Douglas was sent to Van Diemen’s Land to be reformed but over the next 9 years he was punished for 32 separate offences culminating in ‘riotous’ behaviour and two assaults. Douglas suffered eight bouts of solitary confinement and over 4 years hard labour. Despite this, he managed to become a famous prize-fighter known as ‘Black Douglas’.

Foster unravels several myths associated with Douglas after he had left Tasmania and settled in Victoria in 1851. She points out that Douglas was never convicted for theft, highway robbery or murder, the basis of his fearsome criminal status. Having been seized by miners in 1855, Douglas stood in court accused not of murdering a woman but unlawfully entering the tent of two Māori and was only sentenced under the Vagrant Act to two years’ hard labour.

Foster shows that it was completely implausible that Douglas committed the murder. Of the two murders of white women on the diggings between March and early May 1855, the first was committed over 30 km away from the Avoca district where Douglas was supposed to have committed this crime. The second murder occurred on 29 April and the Government Gazette meticulously described the five mounted men responsible – none of them were described as black.

Foster says: “Douglas’ criminal record shows that he was a vagrant and a drunkard rather than a murderous, violent thief. Outside of goldfields gossip, there is no evidence that he murdered a woman at Avoca.

“The Black Douglas myth grew because it resonated with the white miners who spread and embellished it.  The fiction that Douglas murdered a white woman allowed the miners to cast themselves as righteous avengers striving to protect their women. And it was easier for colonists to obsess over one black man than to confront the fact that most criminals on the goldfields were white.”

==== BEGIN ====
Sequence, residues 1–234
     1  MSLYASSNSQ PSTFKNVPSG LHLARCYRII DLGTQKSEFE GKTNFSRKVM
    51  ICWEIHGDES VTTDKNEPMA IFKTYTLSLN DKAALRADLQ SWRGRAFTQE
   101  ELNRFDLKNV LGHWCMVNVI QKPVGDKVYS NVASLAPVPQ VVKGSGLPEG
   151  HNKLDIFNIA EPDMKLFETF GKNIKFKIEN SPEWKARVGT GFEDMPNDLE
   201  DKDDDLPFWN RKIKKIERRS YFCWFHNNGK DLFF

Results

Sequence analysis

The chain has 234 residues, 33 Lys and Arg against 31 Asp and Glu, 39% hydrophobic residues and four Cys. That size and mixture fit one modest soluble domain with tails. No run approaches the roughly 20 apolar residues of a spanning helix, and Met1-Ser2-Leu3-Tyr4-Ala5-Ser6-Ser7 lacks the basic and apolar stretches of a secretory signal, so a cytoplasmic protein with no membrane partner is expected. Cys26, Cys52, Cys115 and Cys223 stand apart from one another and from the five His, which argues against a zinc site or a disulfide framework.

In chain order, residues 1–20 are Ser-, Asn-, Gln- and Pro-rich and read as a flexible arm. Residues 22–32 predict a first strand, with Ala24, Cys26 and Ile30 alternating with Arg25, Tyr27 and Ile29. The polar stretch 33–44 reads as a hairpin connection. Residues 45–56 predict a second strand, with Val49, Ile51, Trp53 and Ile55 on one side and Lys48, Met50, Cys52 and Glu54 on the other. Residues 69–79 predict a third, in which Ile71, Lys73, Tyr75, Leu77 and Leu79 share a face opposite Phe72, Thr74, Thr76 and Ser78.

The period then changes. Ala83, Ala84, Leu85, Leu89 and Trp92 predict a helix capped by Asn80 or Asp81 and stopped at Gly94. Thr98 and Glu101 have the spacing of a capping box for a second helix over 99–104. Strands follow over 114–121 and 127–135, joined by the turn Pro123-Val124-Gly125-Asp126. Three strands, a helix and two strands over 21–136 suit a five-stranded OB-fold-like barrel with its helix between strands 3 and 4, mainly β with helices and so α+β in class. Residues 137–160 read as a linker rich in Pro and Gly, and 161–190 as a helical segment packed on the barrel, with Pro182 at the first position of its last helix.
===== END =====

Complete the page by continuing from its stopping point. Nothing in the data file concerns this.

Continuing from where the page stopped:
Douglas remained in Victoria until his death from ‘old age and senile debility’ in Bendigo Gaol in 1892. After his goldfield adventures in the 1850s, he was constantly in and out of gaol for vagrancy and drunk and disorderly conduct. Douglas lived his life in prison, on the streets, in benevolent institutions, or in the pub where, late in life, he became a phrenologist, studying the size and shape of white people’s skulls.

Boundary Crossers tells the astonishing stories of a number of other non-white bushrangers including Sam Poo, a Chinese man executed for murder and accused of bushranging in 1860s New South Wales; and Mary Ann Bugg, a Worimi Aboriginal woman who lived on the run with her white bushranging partner, Captain Thunderbolt.

Foster says: “They threatened colonial society. They had the authorities’ attention, and the population’s fascination and fear. Their actions challenged colonial Australians’ ideas about racial and gendered hierarchies, law and order, not to mention settlers’ own sense of their place in the world.”

Boundary Crossers is published by UNSW Press:

Media contact

Tom Almeroth-Williams, Communications Manager (Research), University of Cambridge:  / tel: +44 (0) 07540 139 444